Belgium’s prosecutor says the man behind a bombing at Brussels central station may have supported the “Islamic State” extremist group. Investigators also found materials used to make explosives in the 36-year-old’s home.

Belgian police outside a house in Brussels

Police who raided the suspect’s home found “possible chemical substances and materials were found that could serve to make explosives,” Belgian federal prosecutor’s spokesman Eric Van Der Sypt said Wednesday.

The Moroccan national, identified by the initials O.Z., was shot dead by a soldier at Brussels main train station on Tuesday after trying to detonate a nail bomb.

“The preliminary results of the search carried out in the residence of the suspect O.Z. in Sint-Jans-Molenbeek, showed that he probably made the bomb there,” Van Der Sypt said in a statement.

Investigators said they also found indications that the suspect had “sympathies for the terrorist organization IS.”

Brussels on alert 

Belgian will keep its current terror alert level at three on a scale of four, Belgian Prime Minister Charles Michel said on Wednesday.

Nevertheless, added security forces will be deployed across the country. Authorities also said that no events would be canceled, but warned those planning to attend not to carry backpacks with them.

Watch video03:15

Brussels explosion – DW’s Max Hofmann reports

Security will be particularly beefed up at the 50,000-seat King Baudouin Stadium in Brussels, where British rock band Coldplay is scheduled perform later on Wednesday.

Michel chaired a meeting of the National Security Council on Wednesday morning, after which he reported that authorities have no information suggesting further attacks are imminent.

Following the meeting, he tweeted: “We will not let ourselves be intimidated by terrorism. We will always defend our values of liberty and democracy.”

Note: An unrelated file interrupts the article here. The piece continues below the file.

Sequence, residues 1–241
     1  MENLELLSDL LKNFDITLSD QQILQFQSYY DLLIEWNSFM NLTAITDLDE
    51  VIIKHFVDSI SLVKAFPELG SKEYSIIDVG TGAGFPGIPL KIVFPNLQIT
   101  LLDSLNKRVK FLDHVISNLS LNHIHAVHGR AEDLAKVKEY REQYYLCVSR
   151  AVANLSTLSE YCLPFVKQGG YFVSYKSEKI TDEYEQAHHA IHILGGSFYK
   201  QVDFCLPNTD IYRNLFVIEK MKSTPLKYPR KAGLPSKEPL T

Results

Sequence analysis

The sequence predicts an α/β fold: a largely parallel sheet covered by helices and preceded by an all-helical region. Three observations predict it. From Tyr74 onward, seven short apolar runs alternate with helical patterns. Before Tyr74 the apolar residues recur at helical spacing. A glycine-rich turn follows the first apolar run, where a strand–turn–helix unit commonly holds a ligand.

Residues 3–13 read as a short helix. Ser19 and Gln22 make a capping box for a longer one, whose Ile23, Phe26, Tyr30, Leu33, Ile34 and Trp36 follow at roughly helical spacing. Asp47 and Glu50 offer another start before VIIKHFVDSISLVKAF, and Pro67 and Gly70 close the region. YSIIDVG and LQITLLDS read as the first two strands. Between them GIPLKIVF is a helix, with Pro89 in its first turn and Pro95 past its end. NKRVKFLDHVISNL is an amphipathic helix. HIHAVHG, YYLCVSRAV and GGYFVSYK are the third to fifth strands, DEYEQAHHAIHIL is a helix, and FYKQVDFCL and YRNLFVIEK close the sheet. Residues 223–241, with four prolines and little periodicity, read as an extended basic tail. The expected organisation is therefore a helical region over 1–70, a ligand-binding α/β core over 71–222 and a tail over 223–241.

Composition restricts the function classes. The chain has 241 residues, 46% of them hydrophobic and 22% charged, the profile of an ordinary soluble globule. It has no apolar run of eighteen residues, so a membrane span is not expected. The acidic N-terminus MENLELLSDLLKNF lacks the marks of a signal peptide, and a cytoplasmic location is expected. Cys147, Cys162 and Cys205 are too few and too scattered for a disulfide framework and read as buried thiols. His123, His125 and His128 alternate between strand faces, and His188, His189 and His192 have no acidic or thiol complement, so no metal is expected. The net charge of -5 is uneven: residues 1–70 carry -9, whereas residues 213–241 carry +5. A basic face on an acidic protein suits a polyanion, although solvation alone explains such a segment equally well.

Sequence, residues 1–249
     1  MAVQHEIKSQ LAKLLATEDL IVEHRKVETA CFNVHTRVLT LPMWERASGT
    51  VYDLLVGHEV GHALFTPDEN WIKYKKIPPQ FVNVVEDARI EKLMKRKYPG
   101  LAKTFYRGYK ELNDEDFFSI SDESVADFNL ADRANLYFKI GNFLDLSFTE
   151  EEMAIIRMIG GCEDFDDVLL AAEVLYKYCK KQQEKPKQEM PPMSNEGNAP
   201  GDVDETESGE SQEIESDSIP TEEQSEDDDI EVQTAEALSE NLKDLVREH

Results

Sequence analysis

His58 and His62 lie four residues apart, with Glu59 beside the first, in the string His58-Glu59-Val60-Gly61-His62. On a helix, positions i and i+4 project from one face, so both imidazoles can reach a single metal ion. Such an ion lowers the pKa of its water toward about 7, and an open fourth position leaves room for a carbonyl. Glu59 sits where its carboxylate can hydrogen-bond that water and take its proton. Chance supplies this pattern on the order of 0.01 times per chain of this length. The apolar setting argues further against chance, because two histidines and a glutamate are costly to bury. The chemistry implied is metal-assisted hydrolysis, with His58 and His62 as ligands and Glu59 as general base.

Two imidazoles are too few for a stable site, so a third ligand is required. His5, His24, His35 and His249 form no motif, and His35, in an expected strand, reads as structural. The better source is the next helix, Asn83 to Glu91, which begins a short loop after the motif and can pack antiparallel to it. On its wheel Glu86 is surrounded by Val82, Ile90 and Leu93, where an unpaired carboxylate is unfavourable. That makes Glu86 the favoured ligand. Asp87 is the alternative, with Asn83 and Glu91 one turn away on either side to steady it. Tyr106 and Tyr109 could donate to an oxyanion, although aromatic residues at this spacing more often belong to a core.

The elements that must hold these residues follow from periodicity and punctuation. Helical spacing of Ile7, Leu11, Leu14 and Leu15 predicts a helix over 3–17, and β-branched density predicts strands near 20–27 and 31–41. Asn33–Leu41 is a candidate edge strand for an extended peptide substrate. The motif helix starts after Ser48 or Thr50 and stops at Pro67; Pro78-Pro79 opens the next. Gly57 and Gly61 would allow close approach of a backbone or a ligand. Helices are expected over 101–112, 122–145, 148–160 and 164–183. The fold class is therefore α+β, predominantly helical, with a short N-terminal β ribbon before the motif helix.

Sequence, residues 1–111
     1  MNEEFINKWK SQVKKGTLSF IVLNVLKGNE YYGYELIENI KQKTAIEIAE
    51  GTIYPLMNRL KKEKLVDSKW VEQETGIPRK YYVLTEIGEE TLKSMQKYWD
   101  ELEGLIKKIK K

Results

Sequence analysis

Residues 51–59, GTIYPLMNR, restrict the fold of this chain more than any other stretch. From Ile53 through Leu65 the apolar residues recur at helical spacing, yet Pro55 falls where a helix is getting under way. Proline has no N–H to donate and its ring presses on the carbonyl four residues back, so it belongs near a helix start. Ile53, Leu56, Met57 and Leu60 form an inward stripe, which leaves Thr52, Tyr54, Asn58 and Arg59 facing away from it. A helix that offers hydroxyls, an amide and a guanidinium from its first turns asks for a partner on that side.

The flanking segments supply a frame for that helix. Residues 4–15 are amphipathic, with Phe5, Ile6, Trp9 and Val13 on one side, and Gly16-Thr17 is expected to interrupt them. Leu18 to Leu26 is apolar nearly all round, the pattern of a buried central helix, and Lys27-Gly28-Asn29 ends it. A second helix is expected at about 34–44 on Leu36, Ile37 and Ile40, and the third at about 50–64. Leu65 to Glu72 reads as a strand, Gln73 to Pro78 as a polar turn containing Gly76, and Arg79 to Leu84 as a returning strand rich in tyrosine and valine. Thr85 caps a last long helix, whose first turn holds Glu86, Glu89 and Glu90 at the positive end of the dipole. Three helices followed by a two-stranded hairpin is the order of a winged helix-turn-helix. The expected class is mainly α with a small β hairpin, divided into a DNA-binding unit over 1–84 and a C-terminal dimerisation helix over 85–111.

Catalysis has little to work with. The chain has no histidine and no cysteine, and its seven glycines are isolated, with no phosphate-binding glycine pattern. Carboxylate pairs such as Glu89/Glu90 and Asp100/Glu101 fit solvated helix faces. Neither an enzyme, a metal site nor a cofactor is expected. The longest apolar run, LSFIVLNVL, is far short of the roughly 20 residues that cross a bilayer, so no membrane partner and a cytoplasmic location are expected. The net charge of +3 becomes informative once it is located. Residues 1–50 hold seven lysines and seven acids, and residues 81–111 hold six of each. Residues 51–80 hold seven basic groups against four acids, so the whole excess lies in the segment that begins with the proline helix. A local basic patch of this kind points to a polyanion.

Brussels central station remained shut overnight, re-opening at around 8 a.m. local time (0600 UTC) on Wednesday.

Brussels has been on high alert since a group of suicide bombers carried out attacks at the Brussels airport and a subway station in March last year, killing 32 people.

Attacker details coming to light

Belgian media reported that the assailant lived in the largely immigrant Brussels neighborhood of Molenbeek, a home and transit point for a number jihadis who carried out terror attacks in Brussels and Paris last year.

Read more: Molenbeek: Kicking away terror

Belgian authorities have carried out a host raids in the area over the past year.

Watch video00:31

Brussels suspect dies after ‘terror’ blast

Assailant used nail bomb in attack

Authorities revealed that the attacker detonated a suitcase containing nails and gas bottles. The passenger approached a group of around passengers at the station before grabbing his suitcase and causing a “partial explosion,” Van Der Sypt said.

“Fortunately nobody was hurt,” he added. “It could have been much worse. It is clear that he wanted to cause more damage than he did.”

The man left his luggage before it exploded a second time. He then charged at a soldier at the scene while screaming  “Allahu Akbar” (God is great). The soldier opened fire, killing the suspect.

Earlier reports had claimed that the attacker had worn an explosive belt, although those claims were dismissed.

dm/sms (AFP, dpa, AP)



Brussels suspect shot after ‘small explosion’ in main station

Following what prosecutors called a “terror attack” at Brussels’ main train station, Belgian officials have said they identified the man allegedly responsible for the explosion. The suspect was the only casualty.

Watch video00:31

Brussels suspect dies after ‘terror’ blast

Authorities said on Wednesday that they determined the identity of the suspected terrorist thought to have set off a small explosion at Brussels’ main train station but would not immediately release his name, the Interior Ministry said. Investigators are working to establish further information on the suspect’s background.

“The terrorist’s identity is known. We have been able to identify him,” Interior Minister Jan Jambon told RTBF radio television on Wednesday without giving further details.

Following the explosion on Tuesday, the suspect was shot dead by soldiers patrolling the station.